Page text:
Submitted to: American Veterinary Medical Association Abstract
Publication Type: Proceedings
Publication Acceptance Date: July 12, 1995
Publication Date: N/A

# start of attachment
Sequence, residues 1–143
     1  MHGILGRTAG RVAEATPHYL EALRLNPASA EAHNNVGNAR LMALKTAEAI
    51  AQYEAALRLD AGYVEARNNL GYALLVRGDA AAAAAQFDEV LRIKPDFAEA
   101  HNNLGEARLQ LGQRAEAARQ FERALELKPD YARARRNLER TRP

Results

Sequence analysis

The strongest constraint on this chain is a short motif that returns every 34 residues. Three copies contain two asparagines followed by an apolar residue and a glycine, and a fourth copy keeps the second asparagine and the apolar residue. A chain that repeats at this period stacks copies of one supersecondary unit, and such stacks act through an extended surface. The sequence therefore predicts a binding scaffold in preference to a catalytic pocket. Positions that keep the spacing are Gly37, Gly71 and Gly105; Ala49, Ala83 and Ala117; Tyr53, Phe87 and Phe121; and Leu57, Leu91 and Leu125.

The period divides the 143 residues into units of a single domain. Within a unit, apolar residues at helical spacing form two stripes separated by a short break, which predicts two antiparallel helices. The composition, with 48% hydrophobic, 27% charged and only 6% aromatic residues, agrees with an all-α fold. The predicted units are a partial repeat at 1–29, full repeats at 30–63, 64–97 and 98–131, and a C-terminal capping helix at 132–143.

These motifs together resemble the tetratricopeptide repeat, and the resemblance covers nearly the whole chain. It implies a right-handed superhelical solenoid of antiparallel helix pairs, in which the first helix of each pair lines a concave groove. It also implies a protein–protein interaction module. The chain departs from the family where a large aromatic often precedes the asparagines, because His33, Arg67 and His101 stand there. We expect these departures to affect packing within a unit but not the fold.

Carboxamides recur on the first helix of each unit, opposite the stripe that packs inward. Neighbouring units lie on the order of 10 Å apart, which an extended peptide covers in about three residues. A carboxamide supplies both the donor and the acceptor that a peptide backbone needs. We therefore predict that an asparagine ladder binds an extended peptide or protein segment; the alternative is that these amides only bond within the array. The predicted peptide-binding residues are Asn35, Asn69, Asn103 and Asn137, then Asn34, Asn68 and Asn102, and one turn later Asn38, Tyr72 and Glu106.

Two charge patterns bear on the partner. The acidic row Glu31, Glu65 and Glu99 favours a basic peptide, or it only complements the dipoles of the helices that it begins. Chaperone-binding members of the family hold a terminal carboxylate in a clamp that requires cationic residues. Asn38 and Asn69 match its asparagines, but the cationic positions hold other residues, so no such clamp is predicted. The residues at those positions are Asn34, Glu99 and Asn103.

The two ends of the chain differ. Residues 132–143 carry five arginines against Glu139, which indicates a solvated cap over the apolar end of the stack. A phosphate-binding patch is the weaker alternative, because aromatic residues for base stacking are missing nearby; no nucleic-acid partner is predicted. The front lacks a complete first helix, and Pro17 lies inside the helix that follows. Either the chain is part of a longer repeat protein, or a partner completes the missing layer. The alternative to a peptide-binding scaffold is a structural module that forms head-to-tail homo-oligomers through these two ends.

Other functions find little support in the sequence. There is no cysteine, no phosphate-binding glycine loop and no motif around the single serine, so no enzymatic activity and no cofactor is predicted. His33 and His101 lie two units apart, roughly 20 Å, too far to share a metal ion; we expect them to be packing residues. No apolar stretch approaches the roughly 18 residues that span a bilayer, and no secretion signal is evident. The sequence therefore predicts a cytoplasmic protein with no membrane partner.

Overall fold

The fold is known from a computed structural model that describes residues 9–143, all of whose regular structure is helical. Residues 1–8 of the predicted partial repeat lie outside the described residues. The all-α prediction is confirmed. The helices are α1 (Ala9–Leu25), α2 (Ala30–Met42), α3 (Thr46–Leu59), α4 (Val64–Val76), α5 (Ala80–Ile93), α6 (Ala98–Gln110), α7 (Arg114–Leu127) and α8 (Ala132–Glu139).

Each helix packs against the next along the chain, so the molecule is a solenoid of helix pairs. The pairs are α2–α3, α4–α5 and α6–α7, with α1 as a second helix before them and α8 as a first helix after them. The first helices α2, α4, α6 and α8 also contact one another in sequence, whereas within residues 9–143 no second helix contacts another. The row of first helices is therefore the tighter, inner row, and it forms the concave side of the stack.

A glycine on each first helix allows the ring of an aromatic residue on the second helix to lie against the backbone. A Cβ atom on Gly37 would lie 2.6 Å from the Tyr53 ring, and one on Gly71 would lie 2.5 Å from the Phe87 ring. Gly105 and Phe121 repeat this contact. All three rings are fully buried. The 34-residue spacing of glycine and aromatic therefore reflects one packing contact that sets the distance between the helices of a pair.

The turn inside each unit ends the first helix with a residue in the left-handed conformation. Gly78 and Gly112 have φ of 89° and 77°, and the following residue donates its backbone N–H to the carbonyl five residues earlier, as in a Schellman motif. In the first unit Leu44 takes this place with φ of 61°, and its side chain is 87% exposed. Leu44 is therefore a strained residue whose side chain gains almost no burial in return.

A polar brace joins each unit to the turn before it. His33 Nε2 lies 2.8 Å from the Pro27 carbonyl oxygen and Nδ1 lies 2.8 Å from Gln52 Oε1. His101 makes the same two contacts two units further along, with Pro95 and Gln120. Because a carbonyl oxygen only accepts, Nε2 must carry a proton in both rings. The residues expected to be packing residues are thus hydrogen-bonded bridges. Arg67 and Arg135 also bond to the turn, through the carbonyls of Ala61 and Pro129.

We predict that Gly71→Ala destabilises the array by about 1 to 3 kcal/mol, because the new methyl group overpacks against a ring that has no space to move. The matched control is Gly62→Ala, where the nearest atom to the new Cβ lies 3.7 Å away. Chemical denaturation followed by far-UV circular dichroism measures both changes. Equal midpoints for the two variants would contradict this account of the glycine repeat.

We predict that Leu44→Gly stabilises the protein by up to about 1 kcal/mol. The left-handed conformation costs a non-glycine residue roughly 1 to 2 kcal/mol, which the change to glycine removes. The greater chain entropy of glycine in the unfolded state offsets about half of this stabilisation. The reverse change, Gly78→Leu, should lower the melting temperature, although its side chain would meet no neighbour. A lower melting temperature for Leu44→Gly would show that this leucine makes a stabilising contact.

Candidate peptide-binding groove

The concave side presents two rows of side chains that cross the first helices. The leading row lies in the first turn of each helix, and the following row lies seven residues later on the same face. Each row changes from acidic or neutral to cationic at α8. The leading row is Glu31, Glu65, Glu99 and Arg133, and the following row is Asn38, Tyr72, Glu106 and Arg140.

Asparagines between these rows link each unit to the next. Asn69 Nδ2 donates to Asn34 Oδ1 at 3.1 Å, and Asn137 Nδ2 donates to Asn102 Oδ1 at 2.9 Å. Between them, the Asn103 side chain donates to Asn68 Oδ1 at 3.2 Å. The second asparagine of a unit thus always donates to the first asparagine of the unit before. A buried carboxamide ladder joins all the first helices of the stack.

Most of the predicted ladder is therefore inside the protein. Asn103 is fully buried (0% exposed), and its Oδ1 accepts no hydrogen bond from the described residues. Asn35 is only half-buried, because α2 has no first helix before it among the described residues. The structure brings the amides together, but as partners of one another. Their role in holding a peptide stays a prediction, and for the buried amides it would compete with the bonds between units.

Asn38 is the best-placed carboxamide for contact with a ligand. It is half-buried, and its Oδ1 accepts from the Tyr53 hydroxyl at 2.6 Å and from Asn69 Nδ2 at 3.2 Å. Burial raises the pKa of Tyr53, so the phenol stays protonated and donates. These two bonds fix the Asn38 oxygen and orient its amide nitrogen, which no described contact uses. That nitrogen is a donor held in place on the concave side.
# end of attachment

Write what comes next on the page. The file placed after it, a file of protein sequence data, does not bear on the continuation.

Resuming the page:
Technical Abstract: Crohn's disease in humans is a severe inflammatory enteritis involving the terminal ileum. To date no one has been able to determine the pathogen which causes Crohn's disease, however, numerous viral and bacterial organisms have been identified in Crohn's disease tissue. Many species of mycobacteria have been isolated from intestinal tissue from Crohn's patients, including Mycobacterium paratuberculosis which is the causative agent in paratuberculosis. Paratuberculosis in cattle shares similar characteristics with Crohn's disease as it is a chronic enteritis associated with diarrhea, reduced appetite, wight loss, and death. Identification of M. paratuberculosis in Crohn's disease tissue has been inconsistent and highly variable. A recent finding that M. paratuberculosis DNA is present in retail milk samples has led to a concern that presence of the organism may be a contributing factor to Crohn's disease. Studies evaluating the effects of pasteurization conditions on viability of this organism have been initiated in several laboratories.